Tuesday, October 21, 2014

Fall Treats

My parents live on an apple orchard that is about 25 acres. Much of it is leased to a commercial company that uses them for cider but there are still plenty of apple left over in the fall for yummy treats. While on the hunt for something new, I found the above, mini apple pies, baked in muffin tins! Both the picture and the recipe come from here. I haven't made this yet but it is on my list for this weekend!.

Muffin Tin Apple PiesMakes 6 pies in a Texas muffin pan 
Pastry dough

  • 2½ cups flour
  • 1 tsp. salt
  • 2 Tbsp. brown sugar
  • 2 sticks frozen butter (1 cup)
  • 10 Tbsp. ice-cold water

  • 6 large Granny Smith apples
  • 1 Tbsp. butter, plus more for greasing
  • 1 tsp. cinnamon
  • 2 Tbsp. maple sugar (or brown sugar)
  • 1 egg, beaten
  • Coarse sugar, for sprinkling
In a food processor, pulse the flour, salt and brown sugar several times. Cut the frozen butter into 8 pieces, add it to the flour mixture, and pulse until the butter is combined and the mixture is the consistency of coarse bread crumbs.
With the food processor on low, add the water 1 tablespoon at a time, until the dough comes together. 
Place the dough on a floured surface, knead a few times and form it into a ball. Cut the dough in half, flatten it into two disks, wrap them in plastic wrap and refrigerate for at least 30 minutes (or overnight).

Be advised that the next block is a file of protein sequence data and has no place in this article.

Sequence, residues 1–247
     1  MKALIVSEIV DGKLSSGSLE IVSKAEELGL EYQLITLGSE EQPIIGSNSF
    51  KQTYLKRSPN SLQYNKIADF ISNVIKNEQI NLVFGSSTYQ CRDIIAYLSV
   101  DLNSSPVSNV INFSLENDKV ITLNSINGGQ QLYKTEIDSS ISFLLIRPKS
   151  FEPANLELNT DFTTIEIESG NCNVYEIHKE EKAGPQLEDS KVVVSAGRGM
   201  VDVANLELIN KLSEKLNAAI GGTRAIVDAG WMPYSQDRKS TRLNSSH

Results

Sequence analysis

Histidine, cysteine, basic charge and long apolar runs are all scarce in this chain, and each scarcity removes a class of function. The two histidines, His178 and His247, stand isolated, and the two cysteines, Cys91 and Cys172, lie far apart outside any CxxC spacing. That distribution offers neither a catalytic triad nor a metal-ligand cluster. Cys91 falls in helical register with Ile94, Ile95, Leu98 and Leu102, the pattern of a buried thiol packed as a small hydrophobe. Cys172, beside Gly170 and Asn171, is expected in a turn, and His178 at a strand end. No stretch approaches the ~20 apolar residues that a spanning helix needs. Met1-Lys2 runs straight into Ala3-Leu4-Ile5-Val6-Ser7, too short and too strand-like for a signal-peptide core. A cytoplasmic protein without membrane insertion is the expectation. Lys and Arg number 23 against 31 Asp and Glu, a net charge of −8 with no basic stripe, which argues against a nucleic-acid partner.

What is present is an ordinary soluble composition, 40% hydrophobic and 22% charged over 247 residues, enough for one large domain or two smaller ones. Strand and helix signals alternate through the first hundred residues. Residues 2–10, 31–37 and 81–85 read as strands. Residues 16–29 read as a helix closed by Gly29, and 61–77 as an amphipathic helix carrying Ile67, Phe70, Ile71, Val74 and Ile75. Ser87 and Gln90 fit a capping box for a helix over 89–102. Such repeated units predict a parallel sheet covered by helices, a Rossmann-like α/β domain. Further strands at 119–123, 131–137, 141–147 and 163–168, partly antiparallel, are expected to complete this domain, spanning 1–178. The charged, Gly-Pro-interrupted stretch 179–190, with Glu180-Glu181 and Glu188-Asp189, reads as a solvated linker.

While the dough is chilling, peel the apples and cut them into ½-inch dice. In a pan on medium heat, melt 1 tablespoon of butter. Add the apples, cinnamon and sugar and toss to combine.
Cook for 6 to 8 minutes, until the apples are still firm, but can be just pierced with a fork. Set the apples aside to cool slightly. 
Preheat the oven to 350°. Grease a muffin tin liberally with butter.
Place the chilled dough on a well-floured surface and roll it out to about ¼-inch thickness, and set it aside. Repeat with the second piece of dough. 
Cut out 6 circles of dough to fit the muffin tins, then press each one evenly into the tin to fill the base and line the sides; the dough should be even with the top of the tin.
Cut the dough for the top crusts (they suggest a drinking glass works as a size gauge), and cut a small opening in each.
Fill the pies to the brim with apples.
Use a finger to lightly moisten the edges of the top crusts and bottom crusts with the beaten egg wash to help the pies stay together.
Place the top crusts on—egg wash side down—and press each down gently to connect with the bottom crusts. Brush the tops of the pies with egg wash, and sprinkle with coarse sugar. 
Bake for 30 to 35 minutes, until the crusts are nice and golden. Allow the pies to cool for 10 minutes before removing them from the muffin tin. 

Serve with vanilla ice cream. 


  1. I will have to give this recipe a try.
    I went apple picking about a month ago with my husband, my father, one of my sisters and her 11 yr old daughter. Between my husband and I we brought home 16 pounds of apples. As much as we love raw apples we are getting to the point where we need to change our fruit. I think this would be a great change of pace. Thank you

    1. You can make apple sauce too! It's what I always do with surplus apples. Just peel and cut into chunks. The put into a pot with apple juice and cook really low and slow, adding more apple juice as it cooks away and the apples cook down as well as cinnamon and sugar to taste. I usually start with 10 to 12 apples and a cup of juice. Hope that helps!